• Neurosciences

    Mayo Clinic Minute: When to consider deep brain stimulation for essential tremor

Essential tremor is a nervous system condition that causes involuntary and rhythmic shaking. While it is often mistaken for Parkinson's disease, Dr. Philip Tipton, a Mayo Clinic neurologist, says essential tremor is very different. There are treatment options for essential tremor, including deep brain stimulation.

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Essential tremor affects around 10 million people in the U.S. The condition is usually not dangerous, but it typically worsens over time and can be severe in some people, making it difficult to work or perform daily activities. That's when treatment options should be discussed.

"When I'm thinking about treatment approaches, the first thing that I'm asking is what body parts are affected," says Dr. Tipton.

He says oral medication is usually effective in improving symptoms when tremors are in the arms. Botox injections can be particularly useful in treating tremors involving the head, legs, and, sometimes, the voice.

"Fortunately, we have another treatment option, deep brain stimulation, that can help tremor in virtually any body part," says Dr. Tipton. "If the other therapies aren't getting you the mileage that you need, that's when it's time to consider deep brain stimulation."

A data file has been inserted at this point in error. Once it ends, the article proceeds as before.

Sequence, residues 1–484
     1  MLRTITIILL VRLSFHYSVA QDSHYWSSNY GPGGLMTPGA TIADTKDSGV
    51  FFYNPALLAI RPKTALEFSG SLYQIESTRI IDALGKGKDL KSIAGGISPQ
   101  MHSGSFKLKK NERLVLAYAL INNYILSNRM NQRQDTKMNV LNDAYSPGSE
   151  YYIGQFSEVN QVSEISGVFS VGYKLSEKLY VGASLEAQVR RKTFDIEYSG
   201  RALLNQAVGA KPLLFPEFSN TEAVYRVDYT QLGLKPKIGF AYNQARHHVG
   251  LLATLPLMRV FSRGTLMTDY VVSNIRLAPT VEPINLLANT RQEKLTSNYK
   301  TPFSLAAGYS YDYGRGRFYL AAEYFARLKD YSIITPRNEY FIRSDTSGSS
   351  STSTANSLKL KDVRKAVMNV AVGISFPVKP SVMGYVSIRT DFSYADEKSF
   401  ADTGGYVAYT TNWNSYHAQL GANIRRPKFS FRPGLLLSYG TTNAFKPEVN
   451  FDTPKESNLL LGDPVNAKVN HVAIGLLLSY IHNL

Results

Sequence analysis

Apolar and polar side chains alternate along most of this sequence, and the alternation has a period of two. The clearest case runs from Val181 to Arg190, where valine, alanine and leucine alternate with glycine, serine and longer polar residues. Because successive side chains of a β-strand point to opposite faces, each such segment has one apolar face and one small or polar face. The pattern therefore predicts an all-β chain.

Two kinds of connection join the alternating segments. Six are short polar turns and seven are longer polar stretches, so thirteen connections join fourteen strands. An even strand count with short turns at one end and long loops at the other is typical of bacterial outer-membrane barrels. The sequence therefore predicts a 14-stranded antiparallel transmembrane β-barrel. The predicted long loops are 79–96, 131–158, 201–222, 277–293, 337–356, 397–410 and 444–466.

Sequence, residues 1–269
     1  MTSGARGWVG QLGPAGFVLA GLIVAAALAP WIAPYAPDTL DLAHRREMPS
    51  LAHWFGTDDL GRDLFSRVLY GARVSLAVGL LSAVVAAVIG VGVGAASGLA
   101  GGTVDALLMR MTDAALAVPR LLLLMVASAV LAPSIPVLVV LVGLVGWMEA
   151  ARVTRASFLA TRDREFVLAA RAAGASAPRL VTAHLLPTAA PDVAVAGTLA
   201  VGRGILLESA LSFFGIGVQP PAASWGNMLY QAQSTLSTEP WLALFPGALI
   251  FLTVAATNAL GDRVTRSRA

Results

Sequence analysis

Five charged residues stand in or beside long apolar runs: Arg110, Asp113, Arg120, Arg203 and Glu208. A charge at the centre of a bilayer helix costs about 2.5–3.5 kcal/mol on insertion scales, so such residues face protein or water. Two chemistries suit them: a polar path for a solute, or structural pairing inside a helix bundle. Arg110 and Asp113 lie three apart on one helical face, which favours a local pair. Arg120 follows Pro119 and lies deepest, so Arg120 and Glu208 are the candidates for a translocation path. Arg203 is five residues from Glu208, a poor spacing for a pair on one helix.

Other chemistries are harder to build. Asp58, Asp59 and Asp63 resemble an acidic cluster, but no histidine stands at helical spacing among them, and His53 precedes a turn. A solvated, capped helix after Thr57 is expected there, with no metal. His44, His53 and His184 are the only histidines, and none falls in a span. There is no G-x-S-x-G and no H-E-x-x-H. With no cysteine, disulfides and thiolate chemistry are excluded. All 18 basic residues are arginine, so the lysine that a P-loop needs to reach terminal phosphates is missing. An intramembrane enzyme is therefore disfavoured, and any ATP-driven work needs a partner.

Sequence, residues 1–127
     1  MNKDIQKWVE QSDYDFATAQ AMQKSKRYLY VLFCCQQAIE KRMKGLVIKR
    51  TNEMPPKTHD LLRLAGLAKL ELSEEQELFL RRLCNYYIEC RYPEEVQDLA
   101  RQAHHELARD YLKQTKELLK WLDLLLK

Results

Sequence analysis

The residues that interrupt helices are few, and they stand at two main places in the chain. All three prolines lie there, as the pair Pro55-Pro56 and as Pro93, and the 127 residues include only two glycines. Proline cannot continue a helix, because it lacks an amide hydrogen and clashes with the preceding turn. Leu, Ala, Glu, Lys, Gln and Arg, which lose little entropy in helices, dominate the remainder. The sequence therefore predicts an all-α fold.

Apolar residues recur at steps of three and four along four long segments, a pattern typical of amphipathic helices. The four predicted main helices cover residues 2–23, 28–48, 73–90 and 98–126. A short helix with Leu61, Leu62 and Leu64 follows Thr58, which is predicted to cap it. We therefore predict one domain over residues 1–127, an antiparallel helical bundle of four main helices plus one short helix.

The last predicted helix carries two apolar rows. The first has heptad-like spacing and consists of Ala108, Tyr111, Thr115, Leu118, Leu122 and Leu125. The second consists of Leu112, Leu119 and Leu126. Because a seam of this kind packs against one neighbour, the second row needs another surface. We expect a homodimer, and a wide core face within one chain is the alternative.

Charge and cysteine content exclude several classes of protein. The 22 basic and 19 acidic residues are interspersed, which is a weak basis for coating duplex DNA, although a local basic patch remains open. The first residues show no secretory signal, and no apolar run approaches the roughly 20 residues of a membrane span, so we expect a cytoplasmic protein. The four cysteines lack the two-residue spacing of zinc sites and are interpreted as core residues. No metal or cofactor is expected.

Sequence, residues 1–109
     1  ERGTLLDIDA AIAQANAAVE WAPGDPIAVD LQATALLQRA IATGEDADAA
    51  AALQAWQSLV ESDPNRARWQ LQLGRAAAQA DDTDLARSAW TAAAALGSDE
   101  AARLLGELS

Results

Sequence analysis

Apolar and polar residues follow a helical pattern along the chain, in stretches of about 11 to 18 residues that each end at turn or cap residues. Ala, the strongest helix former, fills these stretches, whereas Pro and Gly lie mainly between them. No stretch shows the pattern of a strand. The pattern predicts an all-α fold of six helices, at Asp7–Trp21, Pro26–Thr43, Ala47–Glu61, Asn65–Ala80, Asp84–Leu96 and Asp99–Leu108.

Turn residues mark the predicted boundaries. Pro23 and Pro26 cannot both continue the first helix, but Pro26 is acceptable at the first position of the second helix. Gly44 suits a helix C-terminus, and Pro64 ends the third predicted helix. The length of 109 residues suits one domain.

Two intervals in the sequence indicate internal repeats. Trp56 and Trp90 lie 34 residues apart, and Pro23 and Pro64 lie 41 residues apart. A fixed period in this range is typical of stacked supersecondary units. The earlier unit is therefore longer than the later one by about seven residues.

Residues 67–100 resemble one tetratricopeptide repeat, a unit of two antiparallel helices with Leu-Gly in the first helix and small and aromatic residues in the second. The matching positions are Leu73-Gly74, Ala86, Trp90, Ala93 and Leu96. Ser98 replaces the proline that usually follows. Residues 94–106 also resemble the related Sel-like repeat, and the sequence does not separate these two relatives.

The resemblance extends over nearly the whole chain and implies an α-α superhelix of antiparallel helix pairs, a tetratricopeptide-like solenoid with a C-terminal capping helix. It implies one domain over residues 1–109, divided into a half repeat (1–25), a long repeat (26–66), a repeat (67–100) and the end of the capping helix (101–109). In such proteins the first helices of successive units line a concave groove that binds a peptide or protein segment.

Electrodes placed in certain areas of the brain help correct brain signals that cause tremors.

"We have sort of a tremor circuit, if you will. And much like radio signals may be jammed by some kind of interference device, the deep brain stimulation seems to jam that tremor circuit. And the end result is less tremor," says Dr. Tipon.

"There's this moment in the operating room, when you're trying to treat someone with tremor, when you get the electrode in the right spot, you turn on the electrical stimulation, and then the tremor just melts away. I mean, it's almost instantaneous. It's something that never gets old to see," he says.

Dr. Tipton says deep brain stimulation shouldn't be looked at as a last resort to treat tremors, but rather a means to improve quality of life.

"Maybe you're a photographer or maybe you're a surgeon, and you need to have very intense control over a tremor. So something that may not look like much tremor to one person can be life-changing for another," says Dr. Tipton.